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Same old, same old: Tasmanian old growth forests are a lost opportunity

By Greg Barns - posted Wednesday, 6 October 2004

Tasmanians have seen it all before. Federal politicians, lured by the bait of green voters in urban marginal seats, announce that they will save Tasmania’s old growth forests. Mark Latham’s announcement yesterday of another massive increase in no-go areas of Tasmania for the logging industry and $800 million to help workers and business effected by the lock up will no doubt attract urban greens, but do nothing to end the bitter forestry debate that bedevils Tasmania.

Bob Hawke set up an inquiry into Tasmania’s forests in 1987 and used the results to lock up thousands of hectares of high conservation value forests. Green groups supported Hawke in droves in the 1990 election. In 1994, Paul Keating attempted to end the annual fight between loggers and the conservation movement over which areas of Tasmania could be logged by announcing an exhaustive research and consultation process that would result in a 20-year Commonwealth-Tasmania Regional Forest Agreement (RFA)(pdf 86.6KB). That process, which cost millions of dollars in research and meetings, resulted in the signing of the RFA by John Howard and then Tasmanian Premier Tony Rundle in 1997. This agreement was meant to provide long-term security for the timber industry and acceptance by the conservation movement of the environmental outcomes.

The RFA has never been accepted by Bob Brown’s Green Party, and the Wilderness Society. Both gain enormous political oxygen from the conflict over Tasmania’s old-growth forests. For Brown, every other political issue is secondary to conserving more of Tasmania’s trees. The Wilderness Society runs successful fundraising emotive campaigns about ancient trees being "slaughtered".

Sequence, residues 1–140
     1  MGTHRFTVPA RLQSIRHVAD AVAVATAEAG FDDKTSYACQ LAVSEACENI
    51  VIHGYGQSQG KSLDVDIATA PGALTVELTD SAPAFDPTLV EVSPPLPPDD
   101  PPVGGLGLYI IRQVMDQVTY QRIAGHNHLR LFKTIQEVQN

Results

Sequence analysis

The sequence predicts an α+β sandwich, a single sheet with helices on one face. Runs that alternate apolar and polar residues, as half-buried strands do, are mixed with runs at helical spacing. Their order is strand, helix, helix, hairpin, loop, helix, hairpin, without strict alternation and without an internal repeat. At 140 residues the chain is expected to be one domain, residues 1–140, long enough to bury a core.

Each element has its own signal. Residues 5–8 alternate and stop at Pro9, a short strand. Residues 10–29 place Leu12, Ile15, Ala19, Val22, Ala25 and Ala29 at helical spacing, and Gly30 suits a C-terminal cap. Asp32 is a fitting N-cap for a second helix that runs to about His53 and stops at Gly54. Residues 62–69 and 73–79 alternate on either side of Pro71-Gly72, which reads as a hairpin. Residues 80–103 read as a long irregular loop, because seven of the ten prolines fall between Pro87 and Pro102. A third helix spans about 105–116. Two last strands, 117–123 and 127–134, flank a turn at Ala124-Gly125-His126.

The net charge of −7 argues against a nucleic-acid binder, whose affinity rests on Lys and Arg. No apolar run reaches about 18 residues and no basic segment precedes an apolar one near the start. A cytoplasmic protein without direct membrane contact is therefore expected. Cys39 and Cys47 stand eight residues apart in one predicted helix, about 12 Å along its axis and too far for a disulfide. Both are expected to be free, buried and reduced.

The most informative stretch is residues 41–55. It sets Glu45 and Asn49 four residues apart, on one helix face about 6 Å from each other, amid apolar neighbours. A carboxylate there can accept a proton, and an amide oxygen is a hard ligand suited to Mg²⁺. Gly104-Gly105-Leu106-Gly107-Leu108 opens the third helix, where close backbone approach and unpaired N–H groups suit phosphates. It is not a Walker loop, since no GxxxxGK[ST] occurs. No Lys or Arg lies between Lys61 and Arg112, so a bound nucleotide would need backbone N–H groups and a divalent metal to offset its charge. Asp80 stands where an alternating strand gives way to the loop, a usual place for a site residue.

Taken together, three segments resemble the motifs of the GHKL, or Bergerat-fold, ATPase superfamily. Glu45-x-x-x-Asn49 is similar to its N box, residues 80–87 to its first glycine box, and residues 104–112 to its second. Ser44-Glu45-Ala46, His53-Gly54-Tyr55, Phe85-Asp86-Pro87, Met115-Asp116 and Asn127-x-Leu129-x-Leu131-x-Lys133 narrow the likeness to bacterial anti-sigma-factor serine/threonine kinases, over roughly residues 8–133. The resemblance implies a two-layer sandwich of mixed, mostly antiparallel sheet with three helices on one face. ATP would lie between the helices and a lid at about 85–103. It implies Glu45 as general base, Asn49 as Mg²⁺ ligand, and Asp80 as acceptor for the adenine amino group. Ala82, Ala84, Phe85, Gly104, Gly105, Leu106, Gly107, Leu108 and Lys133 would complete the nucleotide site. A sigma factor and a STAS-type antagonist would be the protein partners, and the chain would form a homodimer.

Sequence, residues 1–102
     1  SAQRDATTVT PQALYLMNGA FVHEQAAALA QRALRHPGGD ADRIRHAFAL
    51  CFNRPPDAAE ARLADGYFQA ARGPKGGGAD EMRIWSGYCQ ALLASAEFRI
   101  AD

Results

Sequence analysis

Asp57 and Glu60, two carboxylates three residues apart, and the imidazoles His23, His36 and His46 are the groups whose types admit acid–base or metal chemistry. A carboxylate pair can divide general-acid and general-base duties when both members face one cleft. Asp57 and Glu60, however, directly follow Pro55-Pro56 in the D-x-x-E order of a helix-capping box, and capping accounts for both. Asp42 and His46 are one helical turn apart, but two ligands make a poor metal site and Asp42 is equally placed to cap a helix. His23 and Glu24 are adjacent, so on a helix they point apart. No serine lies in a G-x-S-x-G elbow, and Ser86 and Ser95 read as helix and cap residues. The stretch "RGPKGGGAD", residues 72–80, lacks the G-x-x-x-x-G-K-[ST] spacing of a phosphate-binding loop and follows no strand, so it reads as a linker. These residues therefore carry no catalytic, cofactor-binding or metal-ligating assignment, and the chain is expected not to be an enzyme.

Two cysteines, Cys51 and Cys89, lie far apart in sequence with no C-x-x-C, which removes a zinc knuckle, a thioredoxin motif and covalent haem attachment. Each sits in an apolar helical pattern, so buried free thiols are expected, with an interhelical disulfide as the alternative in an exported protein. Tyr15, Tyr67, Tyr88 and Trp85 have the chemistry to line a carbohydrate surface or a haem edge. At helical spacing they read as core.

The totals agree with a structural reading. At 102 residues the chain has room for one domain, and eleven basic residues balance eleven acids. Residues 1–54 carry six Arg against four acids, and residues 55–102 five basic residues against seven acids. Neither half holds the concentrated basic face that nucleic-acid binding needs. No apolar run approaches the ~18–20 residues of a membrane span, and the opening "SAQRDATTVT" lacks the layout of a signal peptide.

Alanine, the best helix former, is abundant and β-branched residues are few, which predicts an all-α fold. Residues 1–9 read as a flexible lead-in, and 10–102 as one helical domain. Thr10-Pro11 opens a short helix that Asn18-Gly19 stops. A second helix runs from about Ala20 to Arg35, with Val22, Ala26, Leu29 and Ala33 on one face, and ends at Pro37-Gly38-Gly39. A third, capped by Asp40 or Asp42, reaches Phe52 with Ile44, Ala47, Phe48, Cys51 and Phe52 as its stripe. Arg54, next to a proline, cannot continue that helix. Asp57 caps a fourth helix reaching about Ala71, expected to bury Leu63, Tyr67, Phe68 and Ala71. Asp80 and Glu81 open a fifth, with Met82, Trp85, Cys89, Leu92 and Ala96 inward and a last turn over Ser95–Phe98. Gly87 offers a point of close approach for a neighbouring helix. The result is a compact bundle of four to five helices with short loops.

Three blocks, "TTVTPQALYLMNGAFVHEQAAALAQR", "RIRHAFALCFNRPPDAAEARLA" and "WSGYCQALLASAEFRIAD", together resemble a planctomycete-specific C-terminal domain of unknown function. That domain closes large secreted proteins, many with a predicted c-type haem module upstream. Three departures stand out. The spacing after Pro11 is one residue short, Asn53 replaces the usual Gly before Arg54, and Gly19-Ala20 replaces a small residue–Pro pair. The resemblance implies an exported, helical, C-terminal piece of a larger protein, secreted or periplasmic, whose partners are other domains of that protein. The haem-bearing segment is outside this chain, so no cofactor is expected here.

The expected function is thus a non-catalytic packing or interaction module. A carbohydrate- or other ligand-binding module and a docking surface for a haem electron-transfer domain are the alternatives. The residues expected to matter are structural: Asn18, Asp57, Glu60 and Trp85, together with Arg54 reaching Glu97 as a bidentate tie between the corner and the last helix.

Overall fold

On the other hand, the biggest forestry company in Tasmania, Gunns, has not helped the timber industry’s cause through its belligerent attitude to conservationists. And until recently, Forestry Tasmania, the government run timber company, has been exempt from Freedom of Information laws - a state of affairs that has encouraged allegations of secrecy and corruption.

Mr Latham has missed an opportunity to advance the forests debate in Tasmania with his politically expedient announcement yesterday. Another federal intervention in Tasmania, without any state government support, only perpetuates the bickering of the extremists on both sides of the fence, in the same way that the RFA process and Hawke’s intervention in 1990 did.

Both federal and Tasmanian state politicians could take a leaf out of the Canadian Province of Newfoundland when it comes to ending bitter wars over resources. In the past two decades, the Newfoundland’s major industry, fishing, has been the subject of numerous Canadian federal government interventions to prevent overfishing. But an inquiry set up by the Newfoundland government in 2003 has recommended that the Province jointly manage its fisheries with Ottawa and so end years of squabbling and uncertainty.

Tasmania and Canberra need to work co-operatively to ensure a more prosperous future for the state. A partnership approach to forestry, rather than another politically charged battle, would make a lot more sense. Unfortunately Mr Latham has missed that opportunity yesterday.

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First published in the Courier-Mail on September 5, 2004.

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Greg Barns is National President of the Australian Lawyers Alliance.

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